This entire project makes me chuckle becaues I rarely use a purse. Those rare instances where I do use a purse, it’s generally so small that it only fits my phone, wallet and car keys. That being said, this challenge was quite fun. I enjoyed both the project category and the vibrant Landscapes yarn.

Chutes and Lattice Scarf Crochet Pattern

Chutes and Lattice Scarf Crochet Pattern

chutes and lattice scarf crochet pattern

Chutes and Lattice is a lacy scarf crochet pattern that beautifully showcases that crochet can create a delicate fabric.

This is one of my favorite scarves to wear. It’s also one that my mother wishes I would accidently leave at her house when I visit. So far, I’ve remebered to wear or bring it home with me. =)

The fingering weight yarn used in these photos is:

  • Purple Scarf: Brooks Farms: Acero in purple (1 skein)
  • Coral Scarf: Knit Picks: Gloss Fingering in Guava (2 skeins)

Chutes and Lattice Crochet Pattern

Coral BloomsThe motif is created with floral chutes interspersed with lattice work. It’s constructed primarily with chain work.

This pattern first appeared in Love of Crochet magazine Spring 2014 with the name “Coral Blooms”. Chutes and Lattice is now available for direct purchase in our shop.

Available in the Store

Learn more about Chutes and Lattice in our shop.

Chute and Lattice Styling Options

This lacy scarf is a lot of fun to style.

chutes and lattice wrapped twice

Scarf wrapped twice around the neck with a beautiful drape.

chutes and lattice as choker

Cinched tight around the neck with long tails.


Scarf folded in half with ends tucked through fold.

chutes and lattice with twist and tuck


Scarf folded in half with a single twist on the folded edge. One end is tucked up from below and one down from above.


Review: Landscapes by Lion Brand

Yarn Review: Landscapes by Lion Brand

We used Landscapes yarn in our Lion Brand Sponsored Twins Face Off design challenge. Here are our thoughts about the yarn.

Lion Brand Landscape Yarn

We love this yarn and yet were challenged by it as well. More specifically, we found the color challenging since we rarely use self striping yarn. But really, using a yarn that changes colors automatically kind of takes care of one design element. No need to worry about when to use a specific color!

Yarn Features:

According to Lion Brand website: “Landscapes is a premium acrylic, single plied roving yarn that has a satiny feel and a richly colored palette.”

Worsted Weight: 3.50 oz./100 g (147 yd/134 m)

Self Striping – Based on the Bohemian Handbag pattern, the color lasted about 20 dc’s and then took another 20 dc’s to fully transition into the next color.

Lion Brand Landscapes Pros:

  • Soft and smooth to work with
  • Glides easily over the hook and hand
  • Soft finished projects
  • Self Striping adds lots of color with a single skein
  • Vibrant color with smooth color transitions
  • Shiny sheen making finished projects rich looking
  • Loose roving style yarn is fun to crochet
  • 7 fun color combos to choose from (both masculine and feminine)

Lion Brand Landscapes Cons:

  • Difficult to rip out work because roving is not tightly twisted which means the strands can bind together (for best results, frog slowly)
  • Yarn is soft and can snag easily so you’ll want to line projects like purses
  • Yarn splits a little bit. An inline hook may work better for this type of yarn

If you’ve never worked with roving style yarn, give it a try. It is really fun to crochet with and we thoroughly enjoyed working with Landscapes yarn. Once we got over our own hang ups with not being able to control the color changes (I know, control issues), we found this yarn a delight to work with.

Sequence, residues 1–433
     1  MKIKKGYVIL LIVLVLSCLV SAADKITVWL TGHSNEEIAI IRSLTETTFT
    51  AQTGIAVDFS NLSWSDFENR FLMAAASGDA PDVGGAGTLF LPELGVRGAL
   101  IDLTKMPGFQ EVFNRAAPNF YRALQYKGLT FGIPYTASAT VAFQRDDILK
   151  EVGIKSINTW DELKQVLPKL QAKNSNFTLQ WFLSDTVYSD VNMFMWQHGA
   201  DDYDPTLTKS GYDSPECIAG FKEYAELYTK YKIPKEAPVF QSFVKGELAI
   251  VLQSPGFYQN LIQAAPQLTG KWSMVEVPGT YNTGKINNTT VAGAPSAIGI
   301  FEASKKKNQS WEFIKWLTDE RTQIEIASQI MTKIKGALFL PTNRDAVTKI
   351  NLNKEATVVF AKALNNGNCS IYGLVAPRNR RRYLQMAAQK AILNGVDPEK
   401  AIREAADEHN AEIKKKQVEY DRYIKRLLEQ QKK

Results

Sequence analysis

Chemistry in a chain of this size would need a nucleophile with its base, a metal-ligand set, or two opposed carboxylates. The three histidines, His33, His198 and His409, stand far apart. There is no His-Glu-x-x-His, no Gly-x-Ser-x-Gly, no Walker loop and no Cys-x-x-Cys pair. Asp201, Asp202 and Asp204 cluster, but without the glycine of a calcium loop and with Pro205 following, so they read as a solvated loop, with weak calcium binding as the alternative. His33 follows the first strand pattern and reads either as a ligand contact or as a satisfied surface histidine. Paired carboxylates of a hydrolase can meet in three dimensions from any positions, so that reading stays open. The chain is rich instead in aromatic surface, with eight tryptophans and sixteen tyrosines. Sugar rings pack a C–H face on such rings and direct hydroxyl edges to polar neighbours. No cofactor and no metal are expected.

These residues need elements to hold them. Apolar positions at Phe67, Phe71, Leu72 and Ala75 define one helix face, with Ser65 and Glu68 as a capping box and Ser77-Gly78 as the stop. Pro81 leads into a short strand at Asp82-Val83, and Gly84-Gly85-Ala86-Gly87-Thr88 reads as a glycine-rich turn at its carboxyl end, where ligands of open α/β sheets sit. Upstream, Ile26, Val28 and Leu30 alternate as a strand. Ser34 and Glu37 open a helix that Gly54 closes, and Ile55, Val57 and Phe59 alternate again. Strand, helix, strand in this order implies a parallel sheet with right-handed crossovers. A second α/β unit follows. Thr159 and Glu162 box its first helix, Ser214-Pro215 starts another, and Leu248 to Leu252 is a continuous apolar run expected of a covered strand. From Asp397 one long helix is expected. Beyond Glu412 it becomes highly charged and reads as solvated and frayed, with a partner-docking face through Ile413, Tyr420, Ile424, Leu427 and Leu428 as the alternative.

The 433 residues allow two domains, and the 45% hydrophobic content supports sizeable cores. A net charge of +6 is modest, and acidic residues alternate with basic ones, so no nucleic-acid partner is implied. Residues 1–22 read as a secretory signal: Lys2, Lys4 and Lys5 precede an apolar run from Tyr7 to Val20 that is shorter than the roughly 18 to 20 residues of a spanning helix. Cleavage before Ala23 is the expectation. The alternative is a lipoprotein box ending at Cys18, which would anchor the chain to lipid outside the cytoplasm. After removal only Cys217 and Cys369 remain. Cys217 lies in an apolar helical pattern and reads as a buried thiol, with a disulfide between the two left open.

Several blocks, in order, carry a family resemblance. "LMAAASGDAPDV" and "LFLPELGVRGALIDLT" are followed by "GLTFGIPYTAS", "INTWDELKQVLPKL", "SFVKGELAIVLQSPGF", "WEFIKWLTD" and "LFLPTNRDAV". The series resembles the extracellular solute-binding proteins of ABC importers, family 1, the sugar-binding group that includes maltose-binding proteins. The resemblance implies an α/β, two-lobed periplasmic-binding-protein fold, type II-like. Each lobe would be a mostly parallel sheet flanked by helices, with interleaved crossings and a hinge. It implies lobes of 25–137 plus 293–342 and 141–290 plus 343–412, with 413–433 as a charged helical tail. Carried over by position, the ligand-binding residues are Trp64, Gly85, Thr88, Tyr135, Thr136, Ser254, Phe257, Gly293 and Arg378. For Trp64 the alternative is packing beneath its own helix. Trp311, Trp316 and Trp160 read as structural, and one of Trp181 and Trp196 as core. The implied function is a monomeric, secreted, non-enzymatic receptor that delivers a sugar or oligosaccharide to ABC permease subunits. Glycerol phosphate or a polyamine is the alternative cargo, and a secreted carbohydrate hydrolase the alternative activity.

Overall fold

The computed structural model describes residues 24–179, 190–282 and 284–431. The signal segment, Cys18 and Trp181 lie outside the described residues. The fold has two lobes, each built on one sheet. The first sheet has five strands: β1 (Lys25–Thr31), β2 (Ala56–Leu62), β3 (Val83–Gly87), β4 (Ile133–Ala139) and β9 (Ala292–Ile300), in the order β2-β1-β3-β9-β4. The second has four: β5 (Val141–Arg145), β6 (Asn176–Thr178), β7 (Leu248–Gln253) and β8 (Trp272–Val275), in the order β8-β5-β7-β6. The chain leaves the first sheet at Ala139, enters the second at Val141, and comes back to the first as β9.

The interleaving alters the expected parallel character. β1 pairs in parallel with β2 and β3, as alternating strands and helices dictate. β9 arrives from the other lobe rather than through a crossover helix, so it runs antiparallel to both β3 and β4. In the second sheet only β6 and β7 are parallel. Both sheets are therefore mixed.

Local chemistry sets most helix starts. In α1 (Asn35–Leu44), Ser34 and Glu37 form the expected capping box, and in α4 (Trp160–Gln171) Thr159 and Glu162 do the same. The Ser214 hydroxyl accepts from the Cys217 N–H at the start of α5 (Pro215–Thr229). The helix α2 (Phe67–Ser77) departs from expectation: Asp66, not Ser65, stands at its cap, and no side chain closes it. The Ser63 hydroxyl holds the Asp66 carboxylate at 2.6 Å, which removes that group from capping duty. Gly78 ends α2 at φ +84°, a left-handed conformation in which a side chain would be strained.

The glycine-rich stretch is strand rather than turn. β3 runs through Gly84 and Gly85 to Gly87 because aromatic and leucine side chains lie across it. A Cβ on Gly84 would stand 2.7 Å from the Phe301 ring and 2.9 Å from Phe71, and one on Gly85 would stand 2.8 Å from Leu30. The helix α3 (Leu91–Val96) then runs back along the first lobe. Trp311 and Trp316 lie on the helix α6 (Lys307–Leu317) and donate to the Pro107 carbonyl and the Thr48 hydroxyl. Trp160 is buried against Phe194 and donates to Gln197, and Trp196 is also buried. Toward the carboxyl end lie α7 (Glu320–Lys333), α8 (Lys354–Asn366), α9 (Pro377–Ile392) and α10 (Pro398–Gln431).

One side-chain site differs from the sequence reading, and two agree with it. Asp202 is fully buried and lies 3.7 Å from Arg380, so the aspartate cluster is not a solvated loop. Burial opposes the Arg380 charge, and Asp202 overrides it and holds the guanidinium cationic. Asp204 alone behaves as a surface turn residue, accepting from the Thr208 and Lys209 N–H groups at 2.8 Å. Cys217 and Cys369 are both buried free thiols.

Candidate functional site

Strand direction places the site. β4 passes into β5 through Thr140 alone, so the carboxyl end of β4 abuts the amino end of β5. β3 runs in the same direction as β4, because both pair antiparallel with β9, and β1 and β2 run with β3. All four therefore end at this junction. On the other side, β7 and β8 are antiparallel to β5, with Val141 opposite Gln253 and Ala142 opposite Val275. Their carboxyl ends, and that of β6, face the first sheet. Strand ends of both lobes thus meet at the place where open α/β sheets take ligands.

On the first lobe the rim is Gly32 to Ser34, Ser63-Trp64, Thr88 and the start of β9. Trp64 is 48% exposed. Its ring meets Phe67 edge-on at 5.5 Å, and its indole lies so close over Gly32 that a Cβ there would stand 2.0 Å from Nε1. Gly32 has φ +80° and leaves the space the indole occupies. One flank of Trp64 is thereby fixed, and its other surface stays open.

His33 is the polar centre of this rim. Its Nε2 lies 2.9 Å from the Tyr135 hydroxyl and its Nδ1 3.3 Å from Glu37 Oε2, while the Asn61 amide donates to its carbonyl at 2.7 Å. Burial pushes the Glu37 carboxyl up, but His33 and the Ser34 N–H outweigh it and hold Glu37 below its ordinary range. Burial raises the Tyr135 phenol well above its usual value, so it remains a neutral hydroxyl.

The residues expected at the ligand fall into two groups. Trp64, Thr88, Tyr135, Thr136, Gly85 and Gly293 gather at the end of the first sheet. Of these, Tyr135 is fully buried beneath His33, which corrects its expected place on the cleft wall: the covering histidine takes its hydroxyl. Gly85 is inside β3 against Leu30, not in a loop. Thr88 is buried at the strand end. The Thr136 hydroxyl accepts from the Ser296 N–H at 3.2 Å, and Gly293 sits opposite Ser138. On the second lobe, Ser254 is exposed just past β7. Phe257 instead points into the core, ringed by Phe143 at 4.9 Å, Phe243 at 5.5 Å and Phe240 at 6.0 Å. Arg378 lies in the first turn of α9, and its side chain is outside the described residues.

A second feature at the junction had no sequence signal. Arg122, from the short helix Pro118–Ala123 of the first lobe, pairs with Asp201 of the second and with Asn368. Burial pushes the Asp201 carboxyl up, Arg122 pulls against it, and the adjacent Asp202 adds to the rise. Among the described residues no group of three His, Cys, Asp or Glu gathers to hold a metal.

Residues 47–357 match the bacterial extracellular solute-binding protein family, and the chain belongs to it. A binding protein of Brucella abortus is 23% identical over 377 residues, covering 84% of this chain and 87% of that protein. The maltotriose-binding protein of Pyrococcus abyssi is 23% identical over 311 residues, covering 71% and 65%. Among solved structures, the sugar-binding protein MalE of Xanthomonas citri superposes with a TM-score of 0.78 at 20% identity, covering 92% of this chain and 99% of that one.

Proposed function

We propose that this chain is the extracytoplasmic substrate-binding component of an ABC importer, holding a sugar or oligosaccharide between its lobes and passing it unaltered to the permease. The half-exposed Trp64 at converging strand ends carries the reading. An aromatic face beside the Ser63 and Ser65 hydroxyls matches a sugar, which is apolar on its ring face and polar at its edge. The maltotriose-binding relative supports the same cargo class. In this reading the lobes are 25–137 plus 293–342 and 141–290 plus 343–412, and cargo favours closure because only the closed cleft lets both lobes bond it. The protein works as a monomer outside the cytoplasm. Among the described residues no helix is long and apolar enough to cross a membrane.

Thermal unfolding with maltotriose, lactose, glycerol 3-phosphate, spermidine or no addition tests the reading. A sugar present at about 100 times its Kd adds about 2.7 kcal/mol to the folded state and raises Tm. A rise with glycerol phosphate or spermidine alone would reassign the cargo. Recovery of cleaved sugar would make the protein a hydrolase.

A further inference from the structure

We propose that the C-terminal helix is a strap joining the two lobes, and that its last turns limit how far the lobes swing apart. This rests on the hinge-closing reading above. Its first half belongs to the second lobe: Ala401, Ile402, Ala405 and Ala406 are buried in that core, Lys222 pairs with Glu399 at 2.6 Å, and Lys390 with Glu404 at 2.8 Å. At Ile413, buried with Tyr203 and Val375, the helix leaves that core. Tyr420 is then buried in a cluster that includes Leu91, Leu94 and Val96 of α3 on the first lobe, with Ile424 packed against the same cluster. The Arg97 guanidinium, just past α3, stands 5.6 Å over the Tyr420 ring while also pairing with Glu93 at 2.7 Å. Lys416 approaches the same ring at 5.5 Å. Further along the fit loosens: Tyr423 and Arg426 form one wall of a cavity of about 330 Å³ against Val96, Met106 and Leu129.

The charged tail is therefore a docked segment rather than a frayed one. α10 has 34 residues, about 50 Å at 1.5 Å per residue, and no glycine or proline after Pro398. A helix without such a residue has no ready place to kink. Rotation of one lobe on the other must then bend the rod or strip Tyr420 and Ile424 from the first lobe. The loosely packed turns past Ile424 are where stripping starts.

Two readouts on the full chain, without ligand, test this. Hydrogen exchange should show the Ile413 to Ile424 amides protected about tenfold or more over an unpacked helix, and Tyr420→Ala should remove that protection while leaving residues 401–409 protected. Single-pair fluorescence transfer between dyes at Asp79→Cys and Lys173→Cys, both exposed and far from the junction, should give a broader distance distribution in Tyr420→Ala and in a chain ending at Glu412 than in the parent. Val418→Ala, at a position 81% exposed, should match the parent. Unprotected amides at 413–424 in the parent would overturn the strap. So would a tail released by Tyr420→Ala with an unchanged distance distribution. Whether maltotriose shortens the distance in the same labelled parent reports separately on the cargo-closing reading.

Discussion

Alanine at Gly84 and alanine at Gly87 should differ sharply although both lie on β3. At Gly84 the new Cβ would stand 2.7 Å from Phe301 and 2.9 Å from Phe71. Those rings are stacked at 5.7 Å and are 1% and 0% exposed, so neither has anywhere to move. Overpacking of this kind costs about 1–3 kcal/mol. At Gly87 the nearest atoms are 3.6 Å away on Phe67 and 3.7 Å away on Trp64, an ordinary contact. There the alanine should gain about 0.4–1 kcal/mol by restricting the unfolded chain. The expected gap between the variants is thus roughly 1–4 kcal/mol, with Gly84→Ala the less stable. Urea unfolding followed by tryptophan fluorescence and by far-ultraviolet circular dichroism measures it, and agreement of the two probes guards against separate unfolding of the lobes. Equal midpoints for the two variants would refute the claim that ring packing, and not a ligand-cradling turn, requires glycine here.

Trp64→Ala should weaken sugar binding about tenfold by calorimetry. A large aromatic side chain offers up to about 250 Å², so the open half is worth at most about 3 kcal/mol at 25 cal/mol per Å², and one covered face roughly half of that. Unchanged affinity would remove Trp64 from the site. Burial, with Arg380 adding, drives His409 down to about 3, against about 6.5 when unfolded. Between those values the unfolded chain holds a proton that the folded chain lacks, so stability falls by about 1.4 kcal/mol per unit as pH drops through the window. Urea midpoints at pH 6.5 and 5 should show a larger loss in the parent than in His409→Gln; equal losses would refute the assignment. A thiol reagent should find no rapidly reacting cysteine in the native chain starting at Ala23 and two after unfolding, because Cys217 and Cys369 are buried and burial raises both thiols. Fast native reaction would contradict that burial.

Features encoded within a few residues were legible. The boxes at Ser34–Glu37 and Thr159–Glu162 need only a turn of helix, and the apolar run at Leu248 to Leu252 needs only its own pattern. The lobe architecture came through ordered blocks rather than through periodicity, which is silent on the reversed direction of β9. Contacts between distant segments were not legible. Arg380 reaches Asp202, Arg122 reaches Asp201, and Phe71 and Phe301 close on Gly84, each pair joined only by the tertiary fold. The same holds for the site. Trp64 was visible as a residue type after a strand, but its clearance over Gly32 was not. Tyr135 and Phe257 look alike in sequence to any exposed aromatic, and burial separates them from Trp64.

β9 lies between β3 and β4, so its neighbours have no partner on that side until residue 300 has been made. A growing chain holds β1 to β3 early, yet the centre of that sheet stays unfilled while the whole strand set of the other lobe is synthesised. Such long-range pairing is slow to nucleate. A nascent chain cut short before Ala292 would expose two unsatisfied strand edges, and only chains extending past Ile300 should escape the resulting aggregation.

Here are some patterns that use Landscapes yarn by Lion Brand.

Tips and Tricks: Faux Fur

Working with Faux Fur Yarn

There is no doubt that a little faux fur yarn can add a lot of pizazz to a hand crafted project. And with a little practice, one can learn to crochet or knit with it a little easier.

Tip #1: Crocht Double Stranded

It is nearly impossible to see the stitches when crocheting with faux fur. The furry strands nearly completely hide the stitches. That’s great on a finished product, but not so great when you have to work in those stitches. The problem is not as pronounced when knitting since the stitches are on the needle. If stitches have to be picked up, it will be difficult to find them.

Solution: Crochet with two strands at once, one faux fur and one non-furry yarn. It makes each stitch thicker and a little easier to see. If the non-furry strand is the same color (or nearly the same) as the fur, it almost disappears. The thicker stitches may still be difficult to see, but it is also possible to feel the stitches as you work.

A Furry Sitting

Crocheting with Vanna’s Choice and Fun Fur yarn made finding the stitches in this panda set much easier to find.

Tip #2: Count every row.

Counting the number of stitches at the end of every row or round is generally a good idea, but it is almost critical when using faux fur. It is very easy to drop a stitch or lose  track of a stitch because it can be difficult to see. You might even add a stitch because it’s not always easy to tell if a stitch has been worked in already.

Tiger Striped Scarves Crochet Pattern

Keeping track of the number of stitches per row is crucial to keeping a neat edge in projects like the tiger striped scarves.

Tip #3: There is a Right Side and a Wrong Side.

The little furry strands often get trapped within the stitches as they are worked. When working back and forth in rows, both sides will generally be equally furry. When working in the round, the inside tends to be furrier. For a furrier look, turn the project inside out when appropriate so that the furrier side is out.

A hat can often be turned inside out after it’s finished. Some items may need to be turned inside out before they are sewn together. Just note how furry the sides are before completing the project.

Monkey Hanging in Palm Tree with Banana

The parts of the monkey are turned inside out to keep the furrier side on the outside. A little faux fur on the tree makes the palm tree look more authentic too.